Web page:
Greek Parties Ready To Form Pro-Bailout Coalition
The Greek centre-left parties on Wednesday agreed to back the New Democracy party in its effort to form a new government but are reluctant to placing their political leaders in governmental offices, as the new government is expected to face a bitter struggle to bring economy to a normal development after five years of crisis which made it compulsory for the state to cut a deal with the European Union, the International Monetary Fund and the World Bank by which Athens agreed to impose austerity measures in exchange for a bailout fund.
Antonis Samaras, the leader of New Democracy, is expected to meet with the leaders of PASOK and the Democratic Left and cut a deal by the end of the day. Samaras has a three-day mandate to form a government, otherwise risking to throw the country into the same political chaos it was in the wake of the first parliamentary election, in May.
On that occasion, the leftist party Syriza came second in the election, as it did in June, and its refusal to form a coalition with the New Democracy and PASOK led to a new round of elections.
If a government will be formed, it will have to deal with the need to soften the measures which made the parties that agreed to them so unpopular. Reuters argues that if Samaras does create a government, he will have to deal with the economic situation in the country, and with the fact that he must keep together a coalition formed of its traditional political adversaries.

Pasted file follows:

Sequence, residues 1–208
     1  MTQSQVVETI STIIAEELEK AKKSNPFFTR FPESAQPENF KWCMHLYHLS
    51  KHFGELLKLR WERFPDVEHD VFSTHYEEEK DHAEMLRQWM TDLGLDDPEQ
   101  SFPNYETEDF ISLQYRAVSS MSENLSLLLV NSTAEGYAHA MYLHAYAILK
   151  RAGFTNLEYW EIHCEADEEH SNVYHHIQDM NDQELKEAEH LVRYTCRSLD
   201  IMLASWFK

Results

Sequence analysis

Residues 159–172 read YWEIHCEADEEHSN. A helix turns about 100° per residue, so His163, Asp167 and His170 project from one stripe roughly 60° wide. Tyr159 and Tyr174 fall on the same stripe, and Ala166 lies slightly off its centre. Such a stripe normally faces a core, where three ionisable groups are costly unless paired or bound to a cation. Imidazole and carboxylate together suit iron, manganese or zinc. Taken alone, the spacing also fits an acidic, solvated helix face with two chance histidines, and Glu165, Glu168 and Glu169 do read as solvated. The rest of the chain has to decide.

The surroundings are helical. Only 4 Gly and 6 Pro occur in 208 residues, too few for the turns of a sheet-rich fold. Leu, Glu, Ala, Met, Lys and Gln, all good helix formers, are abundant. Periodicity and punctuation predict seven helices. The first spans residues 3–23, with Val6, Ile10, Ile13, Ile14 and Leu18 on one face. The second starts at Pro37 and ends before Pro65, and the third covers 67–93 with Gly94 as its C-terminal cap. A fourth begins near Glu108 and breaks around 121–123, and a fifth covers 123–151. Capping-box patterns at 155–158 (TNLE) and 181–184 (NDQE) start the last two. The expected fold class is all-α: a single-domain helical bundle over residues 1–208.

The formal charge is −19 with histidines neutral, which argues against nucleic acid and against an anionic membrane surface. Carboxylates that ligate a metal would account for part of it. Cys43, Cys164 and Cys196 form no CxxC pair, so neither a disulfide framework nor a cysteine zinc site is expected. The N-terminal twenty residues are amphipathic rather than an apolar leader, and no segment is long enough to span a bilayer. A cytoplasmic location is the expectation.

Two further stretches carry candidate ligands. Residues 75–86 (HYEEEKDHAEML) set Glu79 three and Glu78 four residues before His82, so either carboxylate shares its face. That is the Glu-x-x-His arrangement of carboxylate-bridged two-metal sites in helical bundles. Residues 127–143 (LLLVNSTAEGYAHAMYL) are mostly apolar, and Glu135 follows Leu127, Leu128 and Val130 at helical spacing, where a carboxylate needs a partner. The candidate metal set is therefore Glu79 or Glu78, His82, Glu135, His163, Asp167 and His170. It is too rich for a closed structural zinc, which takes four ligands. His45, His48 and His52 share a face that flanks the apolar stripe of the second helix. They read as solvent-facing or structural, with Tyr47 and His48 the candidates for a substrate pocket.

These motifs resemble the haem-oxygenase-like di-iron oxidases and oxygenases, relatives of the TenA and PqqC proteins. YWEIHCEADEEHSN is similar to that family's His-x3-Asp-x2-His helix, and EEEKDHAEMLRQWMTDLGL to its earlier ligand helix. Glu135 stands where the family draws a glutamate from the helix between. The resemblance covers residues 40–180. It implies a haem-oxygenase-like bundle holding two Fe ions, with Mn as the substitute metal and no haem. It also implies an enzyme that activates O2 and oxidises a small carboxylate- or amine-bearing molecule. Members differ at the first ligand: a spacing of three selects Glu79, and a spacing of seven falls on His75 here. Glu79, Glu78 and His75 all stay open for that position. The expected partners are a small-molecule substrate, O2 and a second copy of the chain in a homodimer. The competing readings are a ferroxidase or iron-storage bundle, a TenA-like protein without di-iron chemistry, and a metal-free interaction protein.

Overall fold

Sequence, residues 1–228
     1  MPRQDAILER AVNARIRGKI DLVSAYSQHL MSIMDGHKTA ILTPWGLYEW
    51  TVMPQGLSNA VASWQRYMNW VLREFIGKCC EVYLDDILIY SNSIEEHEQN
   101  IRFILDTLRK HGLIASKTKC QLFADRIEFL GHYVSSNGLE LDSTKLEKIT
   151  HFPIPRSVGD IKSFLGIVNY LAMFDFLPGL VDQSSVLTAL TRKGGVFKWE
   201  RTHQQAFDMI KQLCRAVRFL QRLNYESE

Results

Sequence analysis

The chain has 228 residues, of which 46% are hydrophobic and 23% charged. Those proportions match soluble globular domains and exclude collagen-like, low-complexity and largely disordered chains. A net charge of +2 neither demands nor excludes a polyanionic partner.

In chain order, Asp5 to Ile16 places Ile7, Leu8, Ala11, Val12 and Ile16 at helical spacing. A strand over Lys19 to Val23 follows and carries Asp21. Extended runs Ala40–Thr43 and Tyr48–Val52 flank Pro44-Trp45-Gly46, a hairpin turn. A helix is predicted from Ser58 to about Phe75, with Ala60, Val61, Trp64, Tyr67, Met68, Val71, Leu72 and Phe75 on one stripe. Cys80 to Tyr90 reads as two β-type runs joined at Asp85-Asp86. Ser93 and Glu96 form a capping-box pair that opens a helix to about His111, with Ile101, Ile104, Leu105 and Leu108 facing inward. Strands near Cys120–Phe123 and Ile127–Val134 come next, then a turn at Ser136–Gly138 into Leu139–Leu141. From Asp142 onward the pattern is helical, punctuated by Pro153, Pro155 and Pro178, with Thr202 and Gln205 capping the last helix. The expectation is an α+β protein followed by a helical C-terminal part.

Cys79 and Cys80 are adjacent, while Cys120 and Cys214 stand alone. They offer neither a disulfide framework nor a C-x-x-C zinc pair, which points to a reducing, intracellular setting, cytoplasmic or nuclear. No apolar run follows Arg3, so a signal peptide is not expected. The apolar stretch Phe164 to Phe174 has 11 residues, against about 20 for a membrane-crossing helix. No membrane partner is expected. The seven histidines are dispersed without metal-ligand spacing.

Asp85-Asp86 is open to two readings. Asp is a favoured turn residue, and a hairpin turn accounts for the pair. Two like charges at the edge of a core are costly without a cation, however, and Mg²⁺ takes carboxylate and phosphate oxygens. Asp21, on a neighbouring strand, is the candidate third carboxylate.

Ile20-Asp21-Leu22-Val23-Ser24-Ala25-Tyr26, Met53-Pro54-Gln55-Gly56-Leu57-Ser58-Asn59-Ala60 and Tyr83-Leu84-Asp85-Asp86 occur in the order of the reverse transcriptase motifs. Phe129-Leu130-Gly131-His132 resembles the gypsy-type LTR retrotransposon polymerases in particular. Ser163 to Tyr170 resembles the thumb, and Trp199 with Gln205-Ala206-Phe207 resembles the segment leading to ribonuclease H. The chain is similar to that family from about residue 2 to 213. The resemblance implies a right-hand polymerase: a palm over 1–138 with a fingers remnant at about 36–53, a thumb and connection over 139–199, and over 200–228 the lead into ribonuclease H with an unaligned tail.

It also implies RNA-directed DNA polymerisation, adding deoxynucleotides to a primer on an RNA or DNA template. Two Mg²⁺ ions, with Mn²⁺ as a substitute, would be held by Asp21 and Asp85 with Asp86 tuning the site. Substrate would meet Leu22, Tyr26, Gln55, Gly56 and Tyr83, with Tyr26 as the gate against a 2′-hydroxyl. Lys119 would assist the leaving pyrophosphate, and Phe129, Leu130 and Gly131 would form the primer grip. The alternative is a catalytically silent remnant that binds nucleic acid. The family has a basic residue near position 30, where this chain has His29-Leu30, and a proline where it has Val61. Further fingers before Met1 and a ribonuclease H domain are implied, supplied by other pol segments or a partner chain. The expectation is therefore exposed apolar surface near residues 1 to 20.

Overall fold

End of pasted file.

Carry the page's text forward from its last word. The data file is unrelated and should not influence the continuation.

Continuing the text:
Democratic Left supported a motion to back the coalition but refused to send members of its leadership to become part of the government, which Reuters considers to be a sign of lack of commitment to the new government.
The same is said to be the case with PASOK, the party that was in power until early this year, and took the blame for the austerity measures that changed the lifestyle of the Greek people. PASOK and New Democracy signed an agreement by which they promised to uphold the measures agreed with the international lenders, whichever of them comes to power after the elections.
Syriza, on the other hand, made it clear that it did not want to participate in such an agreement, and refused after May 6, and refuses still, to cooperate with the parties that ruled before, saying that the vote of the Greeks showed that the people disagreed with the austerity measures.
Alexis Tsipras refused to work with PASOK and New Democracy, placing the entire country at risk of being eliminated from the eurozone, though the Syriza announced that it was in favor of remaining in the zone, which seems to be the choice of the Greek too.
Reuters reports that Evangilos Venizelos, the leader of PASOK, angrily disputed with the senior leaders of the party against nominating ministers in the new cabinet, which will be led by the right. The two leftist parties have the possibility of appointing technocrats whom to offer political backing.
New Democracy scored a narrow victory against Syriza, and with the 50 seats in the parliament as bonus and the seats of PASOK has 160 seats, to which it may add the Democratic Left votes to make a comfortable 179 seats. The Greek parliament has 300 seats and it only takes 151 seats to have a majority.
Though it may be made, the majority is still very weak, analysts believe, because of its make-up, but also because Germany, the most important sponsor of the bailout program, is suspicious of Antonis Samaras, who turned from opposing the bailout to carefully endorsing it.11